LAUREL HILL — Those gathered on a playground or front porch near the Laurel Hill Community Center on Wednesday morning were privy to an odd sight — the arrival of two unmarked vans carrying a mix of uniformed soldiers and a somewhat motley crew of bearded, tattooed men in gym shorts, jeans and T-shirts.
Those who had gotten wind of the group’s arrival and stuck around under the center’s outdoor shelter or on the tailgate of a pick-up witnessed the scene get stranger as the group worked to modify the old gym with propaganda, and Humvees carrying about a dozen more soldiers rolled slowly into the parking lot.
“If I didn’t know any better I’d be nervous,” joked Mike Edge from the sidelines.
Edge, who heads training and development for Scotland County EMS, was waiting for his team to be called to the action unfolding as part of Operation Sluss Tiller, the culmination exercise for the U.S. Army’s Civil Affairs Qualification Course.
An offshoot of the Robin Sage exercise, which qualifies soldiers to become Special Forces, Operation Sluss Tiller is the final exam for soldiers who have applied to be a part of the Army’s Civil Affairs and have for months trained through the John F. Kennedy Special Warfare Center and School at Fort Bragg.
“They started off in the army as something else — infantry, medic, engineer, personnel,” said Sgt. 1st Class Jason McLeod, who on Wednesday was tasked with filming the exercise. “They had to submit an application packet, they’ve done a whole battery of tests… . This is where they have to apply everything that they’ve learned — language skills, negotiation skills, medic, everything. Depending on how well they do they can graduate, re-cycle and do this again or go back to their old job.”
Civil Affairs specialists work to assess the needs of a local population in developing or war-torn countries, or those hit by severe natural disasters, often assisting or collecting information for rebuilding or reconstruction efforts. Janice Burton, of the Fort Bragg school’s office of strategic communications, said in an email that the Civil Affairs Community has “frequently been associated with the term ‘winning hearts and minds.’”
At about 9:30 a.m., students rolled up to an escalated situation between clashing ethnic groups in the People’s Republic of Pineland, a fictional country with an elaborately constructed backstory of Civil Wars and dislocated residents. After a few moments spent inside the old gym, staged as a recruiting office for a local militia, simulated gunfire drew the group outside where they found two men, a soldier and a civilian, lying on the pavement with “bleeding” torsos.
“This shows how easily one simple meeting can turn into a possible casualty,” said Scotland County Sheriff’s Lt. Earl Haywood, who led a team from the sheriff’s office in locating the “shooter.”
“Just because we’re in Laurinburg doesn’t mean it can’t happen. If it happens in New York or another major city, that doesn’t mean it won’t happen in a small rural town like Laurinburg. You have the potential for anything to evolve into something more dangerous to the point where you have an uprising.”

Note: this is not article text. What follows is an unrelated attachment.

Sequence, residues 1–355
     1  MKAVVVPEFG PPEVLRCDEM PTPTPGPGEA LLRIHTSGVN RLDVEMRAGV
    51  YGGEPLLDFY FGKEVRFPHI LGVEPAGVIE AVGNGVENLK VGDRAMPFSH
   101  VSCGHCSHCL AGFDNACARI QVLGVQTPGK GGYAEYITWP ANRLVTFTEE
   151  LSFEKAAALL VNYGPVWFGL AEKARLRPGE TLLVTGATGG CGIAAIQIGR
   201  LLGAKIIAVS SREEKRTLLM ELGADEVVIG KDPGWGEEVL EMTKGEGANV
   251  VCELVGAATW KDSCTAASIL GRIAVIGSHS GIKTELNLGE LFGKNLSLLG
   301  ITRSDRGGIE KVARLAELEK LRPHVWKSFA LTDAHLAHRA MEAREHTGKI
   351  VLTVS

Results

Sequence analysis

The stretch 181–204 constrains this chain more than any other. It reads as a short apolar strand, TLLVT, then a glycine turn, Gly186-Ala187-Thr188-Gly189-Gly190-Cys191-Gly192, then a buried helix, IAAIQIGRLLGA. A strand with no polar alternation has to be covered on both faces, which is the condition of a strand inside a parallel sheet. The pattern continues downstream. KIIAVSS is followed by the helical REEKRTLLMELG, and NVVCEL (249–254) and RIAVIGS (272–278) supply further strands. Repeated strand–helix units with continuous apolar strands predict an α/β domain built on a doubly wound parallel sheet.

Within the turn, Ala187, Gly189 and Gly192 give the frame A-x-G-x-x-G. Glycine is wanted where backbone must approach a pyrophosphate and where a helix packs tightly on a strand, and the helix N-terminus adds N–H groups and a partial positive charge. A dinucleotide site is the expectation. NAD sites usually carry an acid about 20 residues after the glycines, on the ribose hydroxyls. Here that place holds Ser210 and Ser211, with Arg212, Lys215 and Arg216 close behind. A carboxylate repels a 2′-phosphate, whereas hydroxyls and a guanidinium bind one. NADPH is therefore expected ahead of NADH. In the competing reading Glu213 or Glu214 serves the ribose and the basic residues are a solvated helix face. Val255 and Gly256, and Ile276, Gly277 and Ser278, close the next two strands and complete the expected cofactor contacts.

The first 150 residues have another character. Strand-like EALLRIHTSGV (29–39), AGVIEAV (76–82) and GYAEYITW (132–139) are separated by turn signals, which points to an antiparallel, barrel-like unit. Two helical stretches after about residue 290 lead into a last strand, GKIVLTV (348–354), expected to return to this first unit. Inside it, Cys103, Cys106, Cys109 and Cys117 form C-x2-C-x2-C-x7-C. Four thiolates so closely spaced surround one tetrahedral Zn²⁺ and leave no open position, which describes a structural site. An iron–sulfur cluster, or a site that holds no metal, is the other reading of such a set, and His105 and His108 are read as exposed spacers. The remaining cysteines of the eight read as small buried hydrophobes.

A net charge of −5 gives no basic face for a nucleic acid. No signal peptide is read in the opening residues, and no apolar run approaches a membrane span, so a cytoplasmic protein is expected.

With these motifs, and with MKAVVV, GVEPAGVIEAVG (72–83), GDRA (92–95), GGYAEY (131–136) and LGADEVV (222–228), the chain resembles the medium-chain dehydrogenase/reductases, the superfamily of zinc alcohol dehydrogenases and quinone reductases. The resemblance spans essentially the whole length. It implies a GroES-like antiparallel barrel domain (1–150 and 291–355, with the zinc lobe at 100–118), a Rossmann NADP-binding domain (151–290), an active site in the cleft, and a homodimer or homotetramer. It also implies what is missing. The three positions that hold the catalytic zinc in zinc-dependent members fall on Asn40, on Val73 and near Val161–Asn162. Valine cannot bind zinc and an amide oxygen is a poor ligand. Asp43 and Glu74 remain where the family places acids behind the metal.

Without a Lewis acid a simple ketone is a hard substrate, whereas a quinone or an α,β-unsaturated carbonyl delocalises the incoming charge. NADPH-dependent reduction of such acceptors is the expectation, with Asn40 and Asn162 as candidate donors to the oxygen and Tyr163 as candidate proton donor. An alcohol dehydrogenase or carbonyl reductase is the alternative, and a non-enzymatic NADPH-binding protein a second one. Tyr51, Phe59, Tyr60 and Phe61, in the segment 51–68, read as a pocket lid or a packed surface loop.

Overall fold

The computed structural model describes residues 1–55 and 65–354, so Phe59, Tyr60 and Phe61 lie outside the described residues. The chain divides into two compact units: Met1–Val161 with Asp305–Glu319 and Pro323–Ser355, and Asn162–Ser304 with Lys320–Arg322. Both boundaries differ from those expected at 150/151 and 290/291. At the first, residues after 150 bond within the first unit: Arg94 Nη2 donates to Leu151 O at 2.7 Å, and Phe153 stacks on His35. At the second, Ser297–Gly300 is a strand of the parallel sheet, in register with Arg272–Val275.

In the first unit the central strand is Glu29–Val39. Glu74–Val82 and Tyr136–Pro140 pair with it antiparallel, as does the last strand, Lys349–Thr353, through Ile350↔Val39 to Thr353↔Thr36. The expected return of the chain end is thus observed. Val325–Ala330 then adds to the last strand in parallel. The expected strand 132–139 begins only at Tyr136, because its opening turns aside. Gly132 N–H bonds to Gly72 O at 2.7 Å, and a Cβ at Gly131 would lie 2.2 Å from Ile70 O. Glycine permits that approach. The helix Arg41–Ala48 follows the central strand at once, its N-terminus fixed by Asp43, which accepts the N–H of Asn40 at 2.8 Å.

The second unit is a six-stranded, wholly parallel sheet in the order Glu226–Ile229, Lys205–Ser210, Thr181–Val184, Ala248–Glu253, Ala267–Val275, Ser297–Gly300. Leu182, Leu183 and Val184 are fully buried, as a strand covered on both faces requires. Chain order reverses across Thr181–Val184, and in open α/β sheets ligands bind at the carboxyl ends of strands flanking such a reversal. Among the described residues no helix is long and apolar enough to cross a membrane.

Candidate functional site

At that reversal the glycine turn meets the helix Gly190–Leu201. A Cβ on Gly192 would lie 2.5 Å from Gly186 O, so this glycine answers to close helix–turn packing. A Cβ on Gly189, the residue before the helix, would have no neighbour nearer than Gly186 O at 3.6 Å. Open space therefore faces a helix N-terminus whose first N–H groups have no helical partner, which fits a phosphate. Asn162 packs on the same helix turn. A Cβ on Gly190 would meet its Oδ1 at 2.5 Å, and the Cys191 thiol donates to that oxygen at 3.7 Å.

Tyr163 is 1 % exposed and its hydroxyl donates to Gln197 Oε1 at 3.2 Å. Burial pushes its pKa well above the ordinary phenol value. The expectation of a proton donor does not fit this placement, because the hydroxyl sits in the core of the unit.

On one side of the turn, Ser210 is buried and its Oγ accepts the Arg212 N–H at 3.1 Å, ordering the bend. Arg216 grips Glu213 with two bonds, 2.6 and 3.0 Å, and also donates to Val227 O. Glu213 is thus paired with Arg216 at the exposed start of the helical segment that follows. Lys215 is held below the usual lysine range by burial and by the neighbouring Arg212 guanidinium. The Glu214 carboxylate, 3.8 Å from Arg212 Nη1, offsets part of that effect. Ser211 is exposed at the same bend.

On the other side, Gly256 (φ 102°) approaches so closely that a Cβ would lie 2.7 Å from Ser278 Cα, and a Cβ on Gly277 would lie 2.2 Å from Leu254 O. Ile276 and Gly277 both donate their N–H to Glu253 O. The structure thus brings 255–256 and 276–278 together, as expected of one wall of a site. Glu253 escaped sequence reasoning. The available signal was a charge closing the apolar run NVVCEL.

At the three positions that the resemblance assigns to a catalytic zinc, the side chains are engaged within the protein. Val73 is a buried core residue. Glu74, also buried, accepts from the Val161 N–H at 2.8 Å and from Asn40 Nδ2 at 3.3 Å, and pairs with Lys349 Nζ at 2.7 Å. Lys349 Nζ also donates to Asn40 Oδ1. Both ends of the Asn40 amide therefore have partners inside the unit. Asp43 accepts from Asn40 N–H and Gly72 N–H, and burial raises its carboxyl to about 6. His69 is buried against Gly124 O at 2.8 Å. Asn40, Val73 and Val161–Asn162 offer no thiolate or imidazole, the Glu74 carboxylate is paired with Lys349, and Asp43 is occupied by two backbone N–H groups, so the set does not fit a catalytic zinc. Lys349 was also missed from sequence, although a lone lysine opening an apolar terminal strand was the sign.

At 9:45 a.m., students were buzzing around the wounded, talking on satellite phones, applying tourniquets and yelling for supplies. Laurel Hill Fire Department was on the scene and sirens could be heard in the near distance.
By 10:05 a.m., the “patients” were on their way to Scotland Memorial Hospital via a county ambulance, Humvees following close behind. The arrival of the caravan marked the end of the exercise.
“You’re working with departments you’ve never worked with before and how to integrate more and more with them,” Edge said. “We’ve worked with the military before and they’re becoming a bigger presence, so anytime we can train with them we’re excited to do that.”
Though it was the first time an operation of this size had been conducted with the assistance of local agencies, the county has dealt with Civil Affairs specialists several times. According to County Manager Kevin Patterson, the office helped trace the source of this year’s local shigella outbreak.
Wednesday’s exercise was for Patterson a chance for county agencies to take advantage of a learning experience.
“We’ve been looking at different ways of training, being more county-involved in these events so we can get some training out of it,” he said.
Lt. Col. Paul Schmidt, who heads the program along with Maj. Mike Adams, said moving soldiers outside of their comfort zone on Fort Bragg helps to inject a greater sense of reality.
“Things like this are of incredible valuable to us,” he said. “You watch the news, you see things like this going on all over the world — its stuff just like what we’re replicating here.”
Though slightly disappointed by the exercise, which proved to be less bombastic than he expected, onlooker and local pastor David Shoemaker said he’s sure the training will come in handy when what he views as the inevitable takes place.
“I think it’s getting us prepared for what’s coming,” he said. “Whether it’s a local crisis or something bigger.”
Abbi Overfelt works for Civitas Media as editor of The Laurinburg Exchange. Reach her at 910-506-3023. Follow her on Twitter @aoinscotco.